Studying the Zoom Tea Leaves

0
13

This article is part of the On Tech newsletter. You can sign up here to receive it on weekdays.

On Tech is back from the summer vacation. Did you miss us We missed you.

No one can really predict what will happen to our collective behavior and the economy if and when we fight back the latest wave of coronavirus infections. But I find it helpful to look for clues on how companies that have been changed by the virus are spending their money.

For example: Zoom Video, the company whose video conferencing service has become household name over the past 18 months, said Sunday it would spend around $ 15 billion to buy a company called Five9, which makes customer service software Manufactures call centers for companies. As my DealBook newsletter colleagues put it, Zoom is placing a $ 15 billion bet on phone calls.

There are two ways to interpret Zoom’s splurge. The first is that the company operates from a position of strength. Over a year full of people excited about Zooming (or Microsoft Team’ing or Google Meet’ing) has given the company the financial firepower to bet on a new area of ​​growth. What this read basically says is that Zoom doesn’t have to hold back and plan for a situation where people no longer rely entirely on online video for work, school, doctor visits, and family reunions.

Another interpretation is that Zoom believes that our behavior changes from the Covid era are fleeting and that the company must play defense. If Zoom is concerned that people are drifting away from screens, it needs to hedge its bets by expanding into different areas like customer service.

(One silly minor matter: Writing this newsletter spurred me on to hear Aretha Franklin’s 80s song “Who’s Zoomin ‘Who?” It’s not the best Aretha song.

The reality is that both of these readings on this acquisition are likely true. Zoom believes that some of our online video habits are permanent, but also that we won’t be as clinging to our gadgets as we were in 2020. If we reluctantly move on to hugging friends and crouching at our desks over computers – and as Zoom’s competition intensifies – the company must branch out into various services to continue growing.

I don’t want to read too much into a corporate acquisition either. But I don’t want to ignore its deeper meaning. Zoom is just an app, yes, but their business decisions reflect a mood and beliefs about what could happen to all of us.

For many months, people interested in corporate finance have stressed how the habits and attitudes we adopted during the pandemic could persist. They try to predict profit margins and stock prices for companies like Zoom, Uber, and Amazon, but there’s more to it than that.

In assessing what could happen to these companies, the really important thing is to gauge how much we have changed in our hometowns, schools, where we live, transportation planning and the role of women because of the pandemic and the impact of even small changes in behavior the family and our relationships.

Corporations like Zoom act as canaries in the coal mine, what life could be like after Covid. Perhaps the executive director of the salad company Sweetgreen can’t really know how many downtown offices will return to pre-Covid staff levels, but how the company is spending its money is a bet that office life will more or less return to what it was was in 2019.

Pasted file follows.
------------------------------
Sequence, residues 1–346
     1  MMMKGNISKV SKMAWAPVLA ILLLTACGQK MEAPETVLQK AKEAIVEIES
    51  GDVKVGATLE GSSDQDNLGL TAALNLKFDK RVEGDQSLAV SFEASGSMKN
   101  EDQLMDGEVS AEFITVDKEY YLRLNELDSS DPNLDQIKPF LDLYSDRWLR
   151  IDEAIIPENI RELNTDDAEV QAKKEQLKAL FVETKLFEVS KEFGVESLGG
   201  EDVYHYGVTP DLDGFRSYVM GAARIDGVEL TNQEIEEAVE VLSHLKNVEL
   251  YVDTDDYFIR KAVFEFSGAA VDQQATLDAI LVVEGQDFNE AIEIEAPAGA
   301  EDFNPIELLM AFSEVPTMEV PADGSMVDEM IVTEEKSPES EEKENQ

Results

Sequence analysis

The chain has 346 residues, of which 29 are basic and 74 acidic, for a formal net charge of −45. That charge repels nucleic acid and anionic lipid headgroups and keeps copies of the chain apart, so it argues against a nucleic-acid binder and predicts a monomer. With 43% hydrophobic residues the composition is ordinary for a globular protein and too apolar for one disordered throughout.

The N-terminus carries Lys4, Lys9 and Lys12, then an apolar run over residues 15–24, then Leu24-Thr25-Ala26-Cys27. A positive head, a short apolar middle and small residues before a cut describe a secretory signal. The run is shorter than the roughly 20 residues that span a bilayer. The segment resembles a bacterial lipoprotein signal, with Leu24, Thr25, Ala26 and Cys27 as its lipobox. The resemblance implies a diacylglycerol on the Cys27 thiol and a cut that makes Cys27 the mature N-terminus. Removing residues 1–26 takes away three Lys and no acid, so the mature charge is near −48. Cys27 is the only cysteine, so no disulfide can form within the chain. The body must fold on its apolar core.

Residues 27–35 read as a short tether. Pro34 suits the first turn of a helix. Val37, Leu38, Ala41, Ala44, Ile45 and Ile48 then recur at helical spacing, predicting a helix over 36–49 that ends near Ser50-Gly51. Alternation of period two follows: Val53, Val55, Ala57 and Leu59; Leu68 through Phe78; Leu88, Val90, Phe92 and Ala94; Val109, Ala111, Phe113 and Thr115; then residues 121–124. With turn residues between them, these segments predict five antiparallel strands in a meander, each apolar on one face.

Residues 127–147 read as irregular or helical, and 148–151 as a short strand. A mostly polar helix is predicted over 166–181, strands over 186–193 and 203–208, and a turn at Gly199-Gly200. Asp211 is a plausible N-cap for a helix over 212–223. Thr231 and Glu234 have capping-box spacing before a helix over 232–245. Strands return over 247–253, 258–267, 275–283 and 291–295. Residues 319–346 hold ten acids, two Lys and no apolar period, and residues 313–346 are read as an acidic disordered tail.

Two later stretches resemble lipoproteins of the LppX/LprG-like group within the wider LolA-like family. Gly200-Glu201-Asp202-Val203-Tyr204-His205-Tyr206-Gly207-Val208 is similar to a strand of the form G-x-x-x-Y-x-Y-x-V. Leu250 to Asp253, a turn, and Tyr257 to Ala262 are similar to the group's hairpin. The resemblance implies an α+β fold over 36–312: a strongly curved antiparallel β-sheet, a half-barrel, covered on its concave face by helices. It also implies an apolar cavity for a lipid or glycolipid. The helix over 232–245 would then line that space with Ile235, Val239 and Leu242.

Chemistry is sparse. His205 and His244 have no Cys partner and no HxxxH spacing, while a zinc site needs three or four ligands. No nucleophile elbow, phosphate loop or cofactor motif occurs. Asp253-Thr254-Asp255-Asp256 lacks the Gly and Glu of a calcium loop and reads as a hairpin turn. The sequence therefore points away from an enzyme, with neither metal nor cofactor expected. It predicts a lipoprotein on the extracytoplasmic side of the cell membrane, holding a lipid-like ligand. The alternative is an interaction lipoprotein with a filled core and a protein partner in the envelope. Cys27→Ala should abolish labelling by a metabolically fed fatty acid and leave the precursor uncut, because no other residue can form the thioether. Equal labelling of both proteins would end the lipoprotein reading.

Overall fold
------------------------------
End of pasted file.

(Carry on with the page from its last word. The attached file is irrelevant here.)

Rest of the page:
We have been profoundly changed in a million ways, big and small, by the coronavirus. But we don’t yet know exactly what that means. All that companies like Zoom and the rest of us can do is make educated guesses about the future and prepare to be at least a little wrong.

If you have not yet received this newsletter in your inbox, please register here.

  • White House vs. Facebook: President Biden and other US officials in the past few days have blamed Facebook for spreading misleading information about Covid-19 vaccines, my colleague Cecilia Kang reported. Facebook said it was made a scapegoat. Renée DiResta, researching misinformation, wrote a nuanced Twitter thread about the role of social media companies, people with large fan bases, and all of us in spreading fake vaccine information.

  • What does China want from its corporations? Obedience, writes Times columnist Li Yuan. China is moving faster than the United States or Europe when it comes to tackling abuse by tech giants, but “efficiency comes at the cost of laws and due process,” she writes.

  • Governments watching every move of their critics: According to reports from an international alliance of news agencies, governments are using smartphone surveillance software to fight criminals and terrorists in order to spy on journalists, human rights defenders, politicians and others. My colleagues have previously reported on this software from the Israeli NSO group, which monitors every detail of a person’s cell phone tapping and has been used by governments to attack their critics.

Here cats see the musical “Cats”. It is wonderful. (I discovered this video in a recent issue of the Brass Ring newsletter.)

We want to hear from you. Tell us what you think of this newsletter and what else you would like to learn from us. You can reach us at ontech@nytimes.com.

If you have not yet received this newsletter in your inbox, please register here. You can also read previous On Tech columns.